Genital warts

What are genital warts?
Genital warts are small lumps that develop on the genitals and/or around the anus (back passage). They are caused by a virus called the human papillomavirus (HPV) which is passed on by sexual contact.

How do you get genital warts?
You need close skin to skin contact to pass on the virus. This means that you do not necessarily need to have penetrative sex to pass on infection. Sharing sex toys may also pass on infection. Very rarely, anogenital warts may be passed on from hand warts. They may also rarely be passed on to a baby when a woman gives birth.
It can take weeks or months to develop warts after being infected with HPV. Also, most people infected with HPV do not develop warts. You can be a carrier of the virus without realising it, and you may pass on the virus to others who then develop warts. It is also possible to pass on the virus after warts have been treated or gone.
Because it can take some time to develop warts after being infected with HPV, if you have just developed noticeable anogenital warts, it does not necessarily mean that either partner has been recently unfaithful. You may have had HPV for a long time without developing warts. Also, note that you may get anal warts even if you have not had anal sex.

What do genital warts look like?
They look like small, skin-coloured lumps on the skin. Their color may be pink, brown or dark brown as well. Warts that develop on skin that is warm, moist, and non-hairy (such as the vulva) tend to be soft. Warts that develop on skin that is dry and hairy (such as the shaft of the penis) tend to be firm.
The number of warts that develop varies from person to person. Some people have just a few that are barely noticeable. Some people have many around their genitals and anus.
In men, the warts usually develop on the outer skin of the penis. In women, the warts usually develop on the vulva, just outside the vagina. Warts may also develop on the skin around the anus, both in men and in women.
Sometimes warts develop inside the vagina, on the cervix, on the scrotum, inside the urethra (the tube that drains urine from the bladder to the outside) or inside the anus.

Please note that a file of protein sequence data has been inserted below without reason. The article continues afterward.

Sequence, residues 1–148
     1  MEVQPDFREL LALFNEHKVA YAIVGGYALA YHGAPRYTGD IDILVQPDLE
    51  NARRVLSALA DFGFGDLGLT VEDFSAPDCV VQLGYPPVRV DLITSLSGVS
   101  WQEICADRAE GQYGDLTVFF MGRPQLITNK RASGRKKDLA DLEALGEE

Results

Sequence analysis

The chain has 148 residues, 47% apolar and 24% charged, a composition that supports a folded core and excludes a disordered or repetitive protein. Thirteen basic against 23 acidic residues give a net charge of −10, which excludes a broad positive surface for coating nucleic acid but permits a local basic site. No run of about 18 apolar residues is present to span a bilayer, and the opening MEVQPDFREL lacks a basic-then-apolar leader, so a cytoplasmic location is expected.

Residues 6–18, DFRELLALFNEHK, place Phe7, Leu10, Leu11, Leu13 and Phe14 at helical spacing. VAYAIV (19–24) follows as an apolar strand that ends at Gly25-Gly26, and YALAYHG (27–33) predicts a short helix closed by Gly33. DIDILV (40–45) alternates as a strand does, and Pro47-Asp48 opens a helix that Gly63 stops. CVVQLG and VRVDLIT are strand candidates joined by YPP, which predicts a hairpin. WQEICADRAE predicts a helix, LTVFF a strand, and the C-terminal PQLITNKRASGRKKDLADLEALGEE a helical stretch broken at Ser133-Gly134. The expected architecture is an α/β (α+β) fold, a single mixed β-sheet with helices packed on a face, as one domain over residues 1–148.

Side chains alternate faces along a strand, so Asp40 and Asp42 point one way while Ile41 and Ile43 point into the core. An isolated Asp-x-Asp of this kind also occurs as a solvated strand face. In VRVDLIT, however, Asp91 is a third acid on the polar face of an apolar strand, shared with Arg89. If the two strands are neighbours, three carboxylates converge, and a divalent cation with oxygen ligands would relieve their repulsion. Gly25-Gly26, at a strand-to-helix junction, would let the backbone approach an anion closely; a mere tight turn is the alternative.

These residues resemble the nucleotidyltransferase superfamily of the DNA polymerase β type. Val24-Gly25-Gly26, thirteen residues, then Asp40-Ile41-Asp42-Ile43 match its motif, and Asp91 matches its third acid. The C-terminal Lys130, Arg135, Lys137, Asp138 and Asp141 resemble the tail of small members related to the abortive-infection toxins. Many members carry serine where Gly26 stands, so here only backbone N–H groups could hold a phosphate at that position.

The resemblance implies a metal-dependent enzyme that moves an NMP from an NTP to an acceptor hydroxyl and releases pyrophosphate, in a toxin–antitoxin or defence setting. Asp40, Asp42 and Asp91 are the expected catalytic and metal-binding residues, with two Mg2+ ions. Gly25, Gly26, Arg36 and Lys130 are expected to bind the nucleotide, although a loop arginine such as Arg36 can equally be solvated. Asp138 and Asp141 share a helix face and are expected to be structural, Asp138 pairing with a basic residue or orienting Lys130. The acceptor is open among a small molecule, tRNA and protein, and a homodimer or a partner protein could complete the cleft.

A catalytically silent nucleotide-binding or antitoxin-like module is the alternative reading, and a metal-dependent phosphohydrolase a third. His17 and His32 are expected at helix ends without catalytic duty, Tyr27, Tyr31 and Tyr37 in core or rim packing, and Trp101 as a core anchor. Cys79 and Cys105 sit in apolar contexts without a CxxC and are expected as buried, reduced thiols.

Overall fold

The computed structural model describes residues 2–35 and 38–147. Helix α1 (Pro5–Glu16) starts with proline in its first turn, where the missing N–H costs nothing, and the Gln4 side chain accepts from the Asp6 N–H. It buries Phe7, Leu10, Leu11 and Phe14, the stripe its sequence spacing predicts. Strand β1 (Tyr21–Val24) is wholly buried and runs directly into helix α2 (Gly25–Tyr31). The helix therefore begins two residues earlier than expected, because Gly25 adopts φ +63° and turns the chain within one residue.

What is the best treatment option?
Radiofrequency removal of the genital warts is a fast, effective and painless method. There is no downtime required and the scarring is minimal or none.

How is radiofrequency removal of genital warts performed?
First the area is cleaned with sterile saline solution and injected a small amount of local anesthetic into the area surrounding the skin growth to minimize a procedure-related pain. The radiofrequency hand piece is applied to strategically remove layers of the growth.
This process is repeated until complete removal is accomplished.

Is anesthesia needed?
In most cases an anesthetic is injected underneath the skin growth. Sometimes an anesthetic cream or sprey are used prior to removal with radiofrequency.

How long does a treatment take?
Several seconds to a minute for every skin growth.

How may treatments are needed for full removal?

How to take care of the treated areas?
Keep the treated area dry for at least 12 hours.
Apply an antibiotic cream on the treated area and 1 cm around it, 2 times a day for 10 days.
Do not pick the scab, it will fall off on its own in the upcoming days.
Avoid sexual contact till wounds are healed.

Can genital warts come back after treatment?
Even when warts are treated, the HPV virus may remain. This is why warts can come back after treatment. It isn’t clear if treating genital warts lowers a person's chance of giving HPV to a sex partner. It is not fully known why low-risk HPV causes genital warts in some cases and not in others.

How to protect yourself from HPV?
Using condoms may reduce the risk of getting genital warts and cervical cancer. But condoms don’t always protect you from HPV.
Infection risk is bigger if you have multiple sexual partners.

Can genital warts cause cancer?
HPV which cause genital warts do not cause cancer, however, some types of HPV cause cervical cancer in women. These types of HPV are called high-risk. Coinfections with low-risk and high-risk HPV may occur. Having high-risk HPV is not the same as having cervical cancer. If you have high-risk HPV, your gynecologist can look for changes on your cervix during Pap tests. Changes can be treated to try to prevent cervical cancer. Be sure to have regular Pap tests so changes can be found early.


Genital warts are treated fast and effectively by radiofrequency. Make an appointment